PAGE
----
Sunday, 4 October 2015

The Miner by Natsume Soseki / The Abominable Man by Maj Sjowall and Per Wahloo / Nightmares by Dan Sihota

The Miner by Natsume Sōseki
My rating: 4 of 5 stars

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Buy the paperback from Waterstones

I received a copy of The Miner by Netsume Soseki from its publishers, Gallic Books, via NetGalley, in exchange for my honest review. This is my fourth book towards Sophie And Suze's NetGalley Challenge and I am also counting The Miner as my 1900s read for the Goodreads / Bookcrossing Decade Challenge as it was first published in 1908. In my ignorance of classic Japanese literature I didn't realise that Soseki is one of their lauded authors although apparently The Miner, an experimental work, is often excluded from his collected writings. I think this is a shame. It is certainly an odd novel, but I enjoyed reading it especially as its unusual structure was unpredictable.

The eponymous miner talks to the reader in the first person throughout the novel. He describes what he sees and the people he meets, while also explaining his own thoughts and feelings. This is a very introverted book. We never learn the Miner's name. A young man, he has walked from Tokyo to a forest where he meets a man procuring men to work in a copper mine. Much of the book is about the sheer pain of long distance walking. Soseki also examines the point of life, honour in suicide, human dignity, and degradation caused harsh labour. His portrayals of the miners en masse are frequently shocking to read although he also finds hope in a claustrophobic underground scene that is particularly moving to read.

The Miner could perhaps be considered as a coming of age tale. It reads more as a memoir than a novel and I was intrigued by both the premise and its unfolding. I think the story style is probably of niche interest and I would recommend it to quietly adventurous readers.


The Abominable Man (Martin Beck #7)The Abominable Man by Maj Sjöwall
My rating: 4 of 5 stars

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Buy the paperback from Waterstones

It's been months since I read any of Sjowall and Wahloo's Martin Beck series. Dave had bought this seventh story, The Abominable Man, through his Amazon account so I got to share it via Family Library. As the novel was first published some forty years ago, I am including The Abominable Man as my 1970s read for the Goodreads / Bookcrossing Decade Challenge.

The tense thriller had me gripped from the start and I couldn't put it down so read the whole book in an afternoon. This is one of the strongest storylines so far and I liked how Sjowall and Wahloo wove in biting criticism of the Swedish social system at the time without interrupting their narrative flow. The whole drama takes place in less than a day which is remarkably fast for this series, yet none of the intricate and careful plotting had been sacrificed. The large cast of characters, some new and some already known, are all realistically portrayed and I loved the sense of world-weariness that pervades every page. This is a thrilling thriller, but viewed through eyes that have already seen too much which gives it a distinctive voice. Many authors have since emulated Sjowall and Wahloo - in fact I have read uncannily similar plots in other books - but I would say that the Swedish series are still the best. And, other than the lack of technological gizmos, haven't dated at all.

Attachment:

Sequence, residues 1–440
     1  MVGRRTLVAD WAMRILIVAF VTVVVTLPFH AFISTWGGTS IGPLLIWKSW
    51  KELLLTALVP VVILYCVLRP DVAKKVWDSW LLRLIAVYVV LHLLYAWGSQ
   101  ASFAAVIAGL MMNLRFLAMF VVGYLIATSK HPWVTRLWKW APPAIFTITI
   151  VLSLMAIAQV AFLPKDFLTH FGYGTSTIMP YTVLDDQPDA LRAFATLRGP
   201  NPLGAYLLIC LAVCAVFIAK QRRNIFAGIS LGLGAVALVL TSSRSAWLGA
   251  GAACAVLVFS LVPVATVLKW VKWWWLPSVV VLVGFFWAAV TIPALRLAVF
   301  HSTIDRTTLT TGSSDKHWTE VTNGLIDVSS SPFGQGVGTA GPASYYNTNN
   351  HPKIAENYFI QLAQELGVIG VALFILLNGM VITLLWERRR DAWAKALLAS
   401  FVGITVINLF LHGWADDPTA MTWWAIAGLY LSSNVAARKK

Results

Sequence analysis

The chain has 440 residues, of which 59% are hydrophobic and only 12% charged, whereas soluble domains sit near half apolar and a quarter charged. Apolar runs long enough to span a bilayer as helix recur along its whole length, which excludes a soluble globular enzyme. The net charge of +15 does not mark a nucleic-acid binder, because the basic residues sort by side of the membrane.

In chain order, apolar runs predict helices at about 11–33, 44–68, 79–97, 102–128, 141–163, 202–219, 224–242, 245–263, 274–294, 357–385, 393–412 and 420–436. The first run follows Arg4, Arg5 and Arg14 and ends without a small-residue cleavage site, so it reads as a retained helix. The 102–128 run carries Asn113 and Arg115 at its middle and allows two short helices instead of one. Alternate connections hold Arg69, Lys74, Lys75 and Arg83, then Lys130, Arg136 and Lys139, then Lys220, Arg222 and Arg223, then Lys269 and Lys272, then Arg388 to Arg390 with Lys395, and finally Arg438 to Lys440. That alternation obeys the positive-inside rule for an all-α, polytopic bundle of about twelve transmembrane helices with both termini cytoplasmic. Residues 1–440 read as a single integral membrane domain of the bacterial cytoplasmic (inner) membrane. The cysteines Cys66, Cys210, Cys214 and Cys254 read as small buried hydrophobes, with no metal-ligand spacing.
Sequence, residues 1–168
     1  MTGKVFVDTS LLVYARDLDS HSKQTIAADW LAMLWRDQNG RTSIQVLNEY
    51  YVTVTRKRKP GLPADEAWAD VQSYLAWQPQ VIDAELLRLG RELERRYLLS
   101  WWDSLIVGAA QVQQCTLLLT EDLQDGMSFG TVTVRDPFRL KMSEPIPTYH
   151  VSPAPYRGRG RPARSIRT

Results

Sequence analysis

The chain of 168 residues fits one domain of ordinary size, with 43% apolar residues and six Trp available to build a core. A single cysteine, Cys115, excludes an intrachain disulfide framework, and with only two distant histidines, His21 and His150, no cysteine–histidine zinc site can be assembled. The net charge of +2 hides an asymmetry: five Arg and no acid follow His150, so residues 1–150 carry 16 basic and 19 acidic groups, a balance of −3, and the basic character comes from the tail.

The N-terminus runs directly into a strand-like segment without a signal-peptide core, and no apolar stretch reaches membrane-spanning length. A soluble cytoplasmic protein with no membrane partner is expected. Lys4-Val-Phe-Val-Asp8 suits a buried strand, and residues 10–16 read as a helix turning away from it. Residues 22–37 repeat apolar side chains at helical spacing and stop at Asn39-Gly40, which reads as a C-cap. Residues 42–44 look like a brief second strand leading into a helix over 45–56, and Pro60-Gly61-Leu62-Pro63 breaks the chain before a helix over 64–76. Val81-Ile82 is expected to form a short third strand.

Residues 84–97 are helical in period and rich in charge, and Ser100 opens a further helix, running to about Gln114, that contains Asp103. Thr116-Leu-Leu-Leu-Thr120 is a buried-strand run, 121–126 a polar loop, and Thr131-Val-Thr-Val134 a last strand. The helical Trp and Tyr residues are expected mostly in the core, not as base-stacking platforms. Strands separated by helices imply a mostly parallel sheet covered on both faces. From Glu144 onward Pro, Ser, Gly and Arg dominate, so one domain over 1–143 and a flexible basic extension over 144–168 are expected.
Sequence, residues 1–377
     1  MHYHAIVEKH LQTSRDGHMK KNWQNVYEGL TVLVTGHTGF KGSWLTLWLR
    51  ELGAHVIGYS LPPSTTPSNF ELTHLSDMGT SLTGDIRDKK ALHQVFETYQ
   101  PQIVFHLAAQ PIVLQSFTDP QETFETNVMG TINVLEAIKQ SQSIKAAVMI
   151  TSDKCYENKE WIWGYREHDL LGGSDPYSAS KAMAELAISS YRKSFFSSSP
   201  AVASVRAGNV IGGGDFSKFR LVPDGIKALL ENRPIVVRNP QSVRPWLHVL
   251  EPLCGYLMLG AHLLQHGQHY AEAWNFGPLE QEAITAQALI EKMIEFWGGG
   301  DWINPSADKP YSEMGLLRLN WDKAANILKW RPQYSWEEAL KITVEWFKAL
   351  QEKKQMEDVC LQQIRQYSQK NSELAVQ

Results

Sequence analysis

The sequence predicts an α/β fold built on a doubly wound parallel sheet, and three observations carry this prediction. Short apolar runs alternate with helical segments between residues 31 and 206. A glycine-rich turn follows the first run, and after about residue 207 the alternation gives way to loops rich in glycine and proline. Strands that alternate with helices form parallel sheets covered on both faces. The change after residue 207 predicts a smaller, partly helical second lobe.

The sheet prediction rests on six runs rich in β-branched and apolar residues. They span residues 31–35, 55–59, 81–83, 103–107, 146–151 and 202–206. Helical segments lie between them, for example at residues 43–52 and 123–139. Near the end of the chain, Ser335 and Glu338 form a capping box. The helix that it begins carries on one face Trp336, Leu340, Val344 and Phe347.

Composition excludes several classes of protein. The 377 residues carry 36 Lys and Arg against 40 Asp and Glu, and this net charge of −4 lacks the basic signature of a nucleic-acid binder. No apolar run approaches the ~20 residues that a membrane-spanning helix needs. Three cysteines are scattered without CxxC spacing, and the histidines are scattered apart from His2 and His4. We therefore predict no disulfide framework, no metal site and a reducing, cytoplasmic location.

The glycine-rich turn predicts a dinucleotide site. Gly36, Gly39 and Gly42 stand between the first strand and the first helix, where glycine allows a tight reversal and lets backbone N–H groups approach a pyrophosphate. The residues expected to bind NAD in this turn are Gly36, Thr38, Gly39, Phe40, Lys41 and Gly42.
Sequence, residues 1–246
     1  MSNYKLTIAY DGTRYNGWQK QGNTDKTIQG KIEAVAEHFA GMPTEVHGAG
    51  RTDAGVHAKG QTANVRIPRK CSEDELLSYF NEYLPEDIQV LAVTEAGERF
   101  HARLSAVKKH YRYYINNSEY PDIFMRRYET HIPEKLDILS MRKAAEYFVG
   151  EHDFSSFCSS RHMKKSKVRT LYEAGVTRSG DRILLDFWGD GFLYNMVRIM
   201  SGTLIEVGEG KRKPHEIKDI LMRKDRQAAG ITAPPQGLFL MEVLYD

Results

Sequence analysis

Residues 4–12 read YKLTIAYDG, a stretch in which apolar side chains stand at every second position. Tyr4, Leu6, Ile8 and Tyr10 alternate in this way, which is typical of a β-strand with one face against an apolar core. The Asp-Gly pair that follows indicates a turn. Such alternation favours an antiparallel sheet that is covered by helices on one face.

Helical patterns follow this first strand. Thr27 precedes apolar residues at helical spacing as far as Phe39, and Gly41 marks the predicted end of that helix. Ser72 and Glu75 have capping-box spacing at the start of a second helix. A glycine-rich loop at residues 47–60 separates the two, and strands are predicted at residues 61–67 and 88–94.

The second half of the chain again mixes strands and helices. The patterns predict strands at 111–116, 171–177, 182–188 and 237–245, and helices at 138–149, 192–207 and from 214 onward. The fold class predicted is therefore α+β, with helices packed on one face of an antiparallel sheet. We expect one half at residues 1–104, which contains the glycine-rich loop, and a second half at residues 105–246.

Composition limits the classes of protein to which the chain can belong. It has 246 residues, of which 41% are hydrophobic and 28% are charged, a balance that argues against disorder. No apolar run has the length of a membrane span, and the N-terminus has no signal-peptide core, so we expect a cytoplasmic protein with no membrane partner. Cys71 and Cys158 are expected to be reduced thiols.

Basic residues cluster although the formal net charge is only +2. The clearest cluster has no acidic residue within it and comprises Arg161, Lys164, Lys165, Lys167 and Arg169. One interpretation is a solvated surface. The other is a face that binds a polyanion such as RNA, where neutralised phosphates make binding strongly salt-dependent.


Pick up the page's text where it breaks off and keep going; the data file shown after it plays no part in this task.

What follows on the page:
NightmaresNightmares by Dan Sihota
My rating: 3 of 5 stars

Buy the ebook from Amazon.co.uk

Nightmares author, Dan Sihota, politely contacted me through Goodreads to ask if I would be interested in reading and reviewing his book. The short story collection is independently published and consists of nine tales which Sihota describes as 'modern horror'. This means no vampires, but instead spooky tales that incorporate mysticism, spirits and supernatural happenings.

I am not particularly a horror fan so appreciated the lack of gratuitous gore although one story, Torture, was too relentlessly sadistic for me so I did speed-read it! Sihota writes diverse characters from different cultures and his stories are set in Britain, India and America. I liked The Bus Journey and The Field best - two very different tales, but with interesting settings, characters and final flourishes that were satisfying. I think tighter editing could help with creating a stronger sense of atmosphere. The prose does tend to ramble and divert at times which, in the build-up, can work well as a wave heightening and then releasing tension. However, I did find it distracting when stories reached their climax and would have preferred sharper focus. As in a genuine nightmare, several tales stop suddenly - almost like a waking up - which is an interesting device and works well.

I am pleased to have read Nightmares and am happy to recommend it, in October, as a good Halloween collection. Just maybe not as a book for bedtime!


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